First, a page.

First, the vision in the brand strategy roadmap should answer the question, “Where could we be?” Put a stake in the ground that describes an ideal state for your future. It should be able to last for five to 10 years. Essentially, the vision gives everyone clear direction. Most importantly, the vision should motivate the team. Write the vision in a way that scares you a little but excites you a lot. The vision steers the long-range strategic plan.

To illustrate, click on the diagram to zoom in on this element of your brand strategy.

Set goals.

Once you have defined your vision, set goals for how you will achieve it. These goals should be measurable so you can track progress. You also need to consider whether these goals align with your business objectives. If not, you might need to reevaluate your vision and goals.

Your goals in the brand strategy roadmap should answer, “What will you achieve?” For example, the specific measures can include consumer behavioral changes, metrics of crucial programs, in-market performance targets, financial results, or milestones on the pathway to the vision. Accordingly, your goals set up a brand dashboard or scoreboard.

Beloved Brands playbook

Our Beloved Brands playbook goes in depth on everything you need to build a brand consumers will love. Learn to about strategic thinking, brand positioning, writing brand plans, advertising decisions, media planning, marketing analytics, and financials.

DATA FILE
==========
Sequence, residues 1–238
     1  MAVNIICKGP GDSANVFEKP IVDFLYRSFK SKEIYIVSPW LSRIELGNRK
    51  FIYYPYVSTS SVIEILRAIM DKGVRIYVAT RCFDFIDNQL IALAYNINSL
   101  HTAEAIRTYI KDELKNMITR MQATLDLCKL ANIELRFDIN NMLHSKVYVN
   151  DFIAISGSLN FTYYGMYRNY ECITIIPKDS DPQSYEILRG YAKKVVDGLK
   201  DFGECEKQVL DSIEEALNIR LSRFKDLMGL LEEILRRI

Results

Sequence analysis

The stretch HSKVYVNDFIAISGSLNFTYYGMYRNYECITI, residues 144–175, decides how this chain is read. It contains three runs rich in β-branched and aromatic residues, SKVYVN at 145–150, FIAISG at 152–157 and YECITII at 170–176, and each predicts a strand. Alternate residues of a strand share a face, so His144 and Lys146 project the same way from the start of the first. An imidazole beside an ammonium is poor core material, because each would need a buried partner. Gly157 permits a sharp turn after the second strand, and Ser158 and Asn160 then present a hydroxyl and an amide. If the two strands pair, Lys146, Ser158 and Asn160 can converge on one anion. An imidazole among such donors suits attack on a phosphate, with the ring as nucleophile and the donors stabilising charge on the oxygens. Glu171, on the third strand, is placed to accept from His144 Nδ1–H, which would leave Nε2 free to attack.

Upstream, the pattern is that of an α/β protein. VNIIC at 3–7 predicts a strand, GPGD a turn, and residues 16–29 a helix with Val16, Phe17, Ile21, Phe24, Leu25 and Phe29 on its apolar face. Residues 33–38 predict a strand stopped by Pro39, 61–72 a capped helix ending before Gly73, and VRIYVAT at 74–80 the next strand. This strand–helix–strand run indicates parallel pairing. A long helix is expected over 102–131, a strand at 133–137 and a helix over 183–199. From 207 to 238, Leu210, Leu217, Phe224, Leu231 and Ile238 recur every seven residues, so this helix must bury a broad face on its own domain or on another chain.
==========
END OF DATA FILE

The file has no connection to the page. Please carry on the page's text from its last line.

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Our readers tell us they keep our Beloved Brands playbook close by for whenever they need to take on a new project. Clearly, we are thrilled that 89% of Amazon reviewers have given Beloved Brands a 5-star rating. Also, we wrote a B2B Brands playbook and a Healthcare Brands playbook

Develop strategic plan.

A strategic plan is an essential tool for business owners who are looking to grow their businesses. It helps them identify what they want to achieve and how they intend to do so. We introduce our Brand Strategy Roadmap as a tool to use for your strategic plan. While you can do a presentation, it’s essential to get it down to one page everyone can keep handy.

What is a strategic plan? The term “strategic” refers to planning ahead, while “planning” means making decisions that will guide future actions. Strategic plans are used by companies to set goals, understand the key issues facing your brand, develop brand strategies, and choose activities that will progress your toward those goals.

Key issues: 

The key issues answer the question, “Why are we here?” Look at what is getting in your way of achieving your brand vision. Then, ask the issues as questions. The strategies are the answer to each issue.

Brand Strategy: